- Adipose stem cell-based treatments for abdominal aortic aneurysms
- Improved biocompatibility of implanted cardiovascular devices to reduce rejection
- Coacervate-based controlled delivery of growth factors for cardiac repair
- Thermal strain imaging for non-invasive identification of vulnerable atherosclerotic plaques
The NIH National Heart, Lung, and Blood Institute provides funding for the program and has designated the grant a National Research Service Award. These awards are granted to training programs in disciplines that address the nation’s biomedical, behavioral, and clinical research needs with an emphasis on producing diverse pool of highly trained scientists.
Each student in the CBTP receives a monthly stipend, tuition scholarship, health insurance, and a travel budget.
About the Cardiovascular Bioengineering Training Program
The goal of the Cardiovascular Bioengineering Training Program (CBTP) is to provide a solid foundation upon which to build a productive independent career in cardiovascular bioengineering. This is accomplished via a highly coordinated and mentored interdisciplinary training program with a combination of core and elective courses, clinical internships, research activities, and specialized training opportunities to enhance professional and career development. There are three focus areas of this program:
- Basic understanding and quantitative characterization of native (normal and pathological conditions) and perturbed (i.e., with deployment of man-made devices or constructs) cardiovascular function at various levels of organization (cell, tissue, whole organ)
- Imaging for functional assessment at various levels of organization (cell, tissue, whole organ)
- Design and optimization of artificial devices and constructs (mechanical, tissue-engineered, and hybrid)
From the desk of J. Peter Rubin, MD, FACS – UPMC Endowed Professor, Chair of Plastic Surgery, Professor of Bioengineering, and McGowan Institute faculty member:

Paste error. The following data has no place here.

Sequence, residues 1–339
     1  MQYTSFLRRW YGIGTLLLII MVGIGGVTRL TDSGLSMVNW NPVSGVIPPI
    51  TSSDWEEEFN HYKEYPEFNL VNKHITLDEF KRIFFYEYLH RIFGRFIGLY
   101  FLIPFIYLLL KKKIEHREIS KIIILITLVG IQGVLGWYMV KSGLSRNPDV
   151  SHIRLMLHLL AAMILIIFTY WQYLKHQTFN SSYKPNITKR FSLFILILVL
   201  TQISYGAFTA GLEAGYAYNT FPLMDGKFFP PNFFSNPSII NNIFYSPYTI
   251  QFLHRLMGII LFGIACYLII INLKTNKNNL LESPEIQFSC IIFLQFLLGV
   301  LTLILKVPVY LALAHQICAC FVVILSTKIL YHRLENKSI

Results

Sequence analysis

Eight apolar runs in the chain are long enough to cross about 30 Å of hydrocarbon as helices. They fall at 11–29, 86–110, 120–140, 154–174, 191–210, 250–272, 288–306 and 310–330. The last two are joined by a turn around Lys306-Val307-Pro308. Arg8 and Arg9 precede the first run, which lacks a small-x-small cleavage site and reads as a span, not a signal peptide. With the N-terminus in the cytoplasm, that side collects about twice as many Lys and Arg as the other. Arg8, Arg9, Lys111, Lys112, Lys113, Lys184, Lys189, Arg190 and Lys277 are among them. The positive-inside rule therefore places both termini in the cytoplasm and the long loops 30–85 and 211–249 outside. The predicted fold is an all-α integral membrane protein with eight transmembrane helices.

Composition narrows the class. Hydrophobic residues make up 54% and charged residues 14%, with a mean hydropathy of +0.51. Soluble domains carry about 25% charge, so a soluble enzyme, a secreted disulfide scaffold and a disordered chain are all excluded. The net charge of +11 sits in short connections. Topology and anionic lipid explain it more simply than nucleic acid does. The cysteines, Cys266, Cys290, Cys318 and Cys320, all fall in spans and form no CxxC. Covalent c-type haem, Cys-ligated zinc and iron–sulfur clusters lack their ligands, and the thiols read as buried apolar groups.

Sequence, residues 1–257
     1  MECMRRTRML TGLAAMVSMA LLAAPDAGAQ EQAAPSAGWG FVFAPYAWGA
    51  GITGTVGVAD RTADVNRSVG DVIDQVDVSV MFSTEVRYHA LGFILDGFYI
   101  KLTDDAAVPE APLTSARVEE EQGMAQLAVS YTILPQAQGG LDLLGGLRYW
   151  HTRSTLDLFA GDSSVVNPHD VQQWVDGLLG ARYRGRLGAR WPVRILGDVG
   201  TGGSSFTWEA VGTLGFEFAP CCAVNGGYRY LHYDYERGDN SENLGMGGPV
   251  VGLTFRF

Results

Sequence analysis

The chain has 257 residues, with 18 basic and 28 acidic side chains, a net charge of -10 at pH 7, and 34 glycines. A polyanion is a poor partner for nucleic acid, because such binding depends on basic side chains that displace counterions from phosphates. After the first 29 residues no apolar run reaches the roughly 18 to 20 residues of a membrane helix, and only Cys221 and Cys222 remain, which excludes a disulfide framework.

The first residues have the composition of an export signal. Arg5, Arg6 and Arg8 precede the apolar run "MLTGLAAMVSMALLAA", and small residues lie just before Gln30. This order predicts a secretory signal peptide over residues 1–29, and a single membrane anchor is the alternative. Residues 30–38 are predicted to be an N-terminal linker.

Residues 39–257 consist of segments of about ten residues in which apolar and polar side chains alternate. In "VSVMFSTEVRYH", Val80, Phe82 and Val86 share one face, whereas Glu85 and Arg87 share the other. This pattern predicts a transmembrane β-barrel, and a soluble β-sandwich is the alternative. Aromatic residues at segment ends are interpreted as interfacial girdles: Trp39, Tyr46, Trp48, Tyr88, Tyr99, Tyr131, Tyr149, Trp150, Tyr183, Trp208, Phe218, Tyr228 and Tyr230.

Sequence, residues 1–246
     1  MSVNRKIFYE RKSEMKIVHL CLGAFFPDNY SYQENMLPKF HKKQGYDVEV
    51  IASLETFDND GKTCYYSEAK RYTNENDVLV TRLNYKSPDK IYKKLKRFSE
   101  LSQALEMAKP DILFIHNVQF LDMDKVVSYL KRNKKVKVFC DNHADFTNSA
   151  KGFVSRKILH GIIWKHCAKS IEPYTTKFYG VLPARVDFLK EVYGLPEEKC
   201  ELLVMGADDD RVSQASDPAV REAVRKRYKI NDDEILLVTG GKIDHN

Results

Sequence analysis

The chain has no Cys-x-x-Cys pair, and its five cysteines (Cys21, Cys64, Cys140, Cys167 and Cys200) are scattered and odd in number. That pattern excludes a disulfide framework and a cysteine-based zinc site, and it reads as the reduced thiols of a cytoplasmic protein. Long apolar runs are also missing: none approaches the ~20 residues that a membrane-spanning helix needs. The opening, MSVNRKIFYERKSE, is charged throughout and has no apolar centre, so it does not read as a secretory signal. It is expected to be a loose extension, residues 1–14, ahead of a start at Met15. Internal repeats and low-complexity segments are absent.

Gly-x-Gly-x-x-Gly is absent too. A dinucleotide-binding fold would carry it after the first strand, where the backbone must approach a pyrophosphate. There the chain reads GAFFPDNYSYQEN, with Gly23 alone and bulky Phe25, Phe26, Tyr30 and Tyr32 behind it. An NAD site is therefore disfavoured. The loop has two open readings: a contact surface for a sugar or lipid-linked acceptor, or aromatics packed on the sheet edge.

I would like to take the opportunity to announce the renaming of our Vascularized Composite Allotransplantation (VCA) Laboratory to the “Vascularized Composite Allotransplantation and Microsurgery (VCAM) Laboratory.” This new name reflects not only the unique expertise in state-of-the-art VCA research, but also emphasizes the lab’s advanced microsurgical capabilities.
The VCAM Laboratory Co-Directors, Mario G. Solari, MD, and Kia M. Washington, MD, are exceptional leaders in VCA and both highly skilled reconstructive microsurgeons who can address the most difficult reconstructive problems in both the operating room and apply their skills to large and small animal models. They remain committed to advanced basic science and translational research, and are always happy to discuss collaborations both within our University research community and with investigators at other institutions. Notably, the advanced microsurgical capabilities can enable the completion of surgical models employed in research projects across numerous scientific disciplines. Our clinical VCA program remains active with the United Network for Organ Sharing (UNOS) and our commitment to translational research in VCA is stronger than ever.
The Vascularized Composite Allotransplantation and Microsurgery (VCAM) Laboratory capabilities include:
- Microsurgical transplantation of vascularized tissues, such as facial tissue, whole eye, limb, and the individual components of muscle, nerve, skin, and bone;
- State-of the-art immunological techniques including cellular assays, flow cytometry, rtPCR, and cytokine analysis;
- Nerve histomorphometery, conduction studies, and functional testing.
Key statistics of the lab include:
- Over $6 million in active funding from the Department of Defense and other sources including funding from the Joint Warfighter Medical Research Program for whole eye transplant research;
- Experienced team of 3 Principal investigators, 1 MD/PhD Transplant Immunologist, 5 microsurgeons, 3 postdoctoral fellows, and 1 Program Coordinator;